Gene Francis Alan Pitney (February 17, 1940 – April 5, 2006) was an American singer-songwriter and musician.
Pitney charted 16 top-40 hits in the United States, four in the top ten. In the United Kingdom, he had 22 top-40 hit singles, including 11 in the top ten. Among his most famous hits are “Town Without Pity”, “(The Man Who Shot) Liberty Valance”, “Twenty Four Hours from Tulsa”, “I’m Gonna Be Strong”, “It Hurts To Be In Love”, and “Something’s Gotten Hold of My Heart”. He also wrote the early-1960s hits “Rubber Ball” recorded by Bobby Vee, “Hello Mary Lou” by Ricky Nelson, and “He’s a Rebel” by the Crystals. In 2002 he was inducted into the Rock and Roll Hall of Fame.
Pitney was born in Hartford, Connecticut, United States, the son of Anna A. (Orlowski) and Harold F. Pitney. The third of five children of a lathe operator, Pitney lived with his family in Rockville, Connecticut, during his formative years. He grew up in Rockville, now part of Vernon, Connecticut.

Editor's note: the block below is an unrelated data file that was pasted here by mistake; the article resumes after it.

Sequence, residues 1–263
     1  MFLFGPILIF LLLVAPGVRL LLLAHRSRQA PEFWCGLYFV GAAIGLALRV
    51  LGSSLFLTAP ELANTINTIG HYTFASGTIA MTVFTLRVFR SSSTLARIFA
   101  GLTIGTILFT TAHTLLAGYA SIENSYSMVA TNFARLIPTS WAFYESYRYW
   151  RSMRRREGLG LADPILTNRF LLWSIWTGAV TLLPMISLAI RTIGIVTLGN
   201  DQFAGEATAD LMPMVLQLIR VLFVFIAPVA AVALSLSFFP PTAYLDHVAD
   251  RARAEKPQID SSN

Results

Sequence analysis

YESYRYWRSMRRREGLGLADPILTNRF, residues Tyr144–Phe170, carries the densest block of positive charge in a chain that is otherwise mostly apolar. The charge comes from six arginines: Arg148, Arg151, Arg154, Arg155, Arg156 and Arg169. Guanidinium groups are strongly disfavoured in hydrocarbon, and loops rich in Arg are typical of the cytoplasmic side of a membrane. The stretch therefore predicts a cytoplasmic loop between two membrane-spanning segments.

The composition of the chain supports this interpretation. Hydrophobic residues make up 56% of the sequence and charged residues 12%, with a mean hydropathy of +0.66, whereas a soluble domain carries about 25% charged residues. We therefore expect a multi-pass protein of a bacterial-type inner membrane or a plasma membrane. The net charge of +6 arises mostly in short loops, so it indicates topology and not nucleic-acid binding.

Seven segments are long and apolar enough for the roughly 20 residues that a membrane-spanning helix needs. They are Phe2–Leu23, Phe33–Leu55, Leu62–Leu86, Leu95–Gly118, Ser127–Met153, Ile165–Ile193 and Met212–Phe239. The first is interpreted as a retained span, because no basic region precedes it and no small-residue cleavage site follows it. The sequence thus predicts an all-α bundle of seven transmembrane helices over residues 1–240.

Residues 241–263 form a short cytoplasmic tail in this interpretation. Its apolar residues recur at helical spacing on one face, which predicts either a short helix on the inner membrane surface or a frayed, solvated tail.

Pitney’s early influences were Clyde McPhatter, country-blues singer Moon Mullican, and doo-wop groups such as The Crows. He attended Rockville High School where he formed his first band, Gene & the Genials. Gene’s first recordings were in 1958 with a CT singing group called the Embers. Those recordings were not released until 1990. In early 1959 he released two records on the Decca label, “Snuggle Up Baby” and “Classical Rock and Roll”, as part of a duo called Jamie and Jane with Ginny Arnell. Later that year, he had his first solo release “Cradle Of My Arms” under the name Billy Bryan on the Blaze record label. His first release under his real name was in 1960 on the Festival label titled “I’ll Find You”.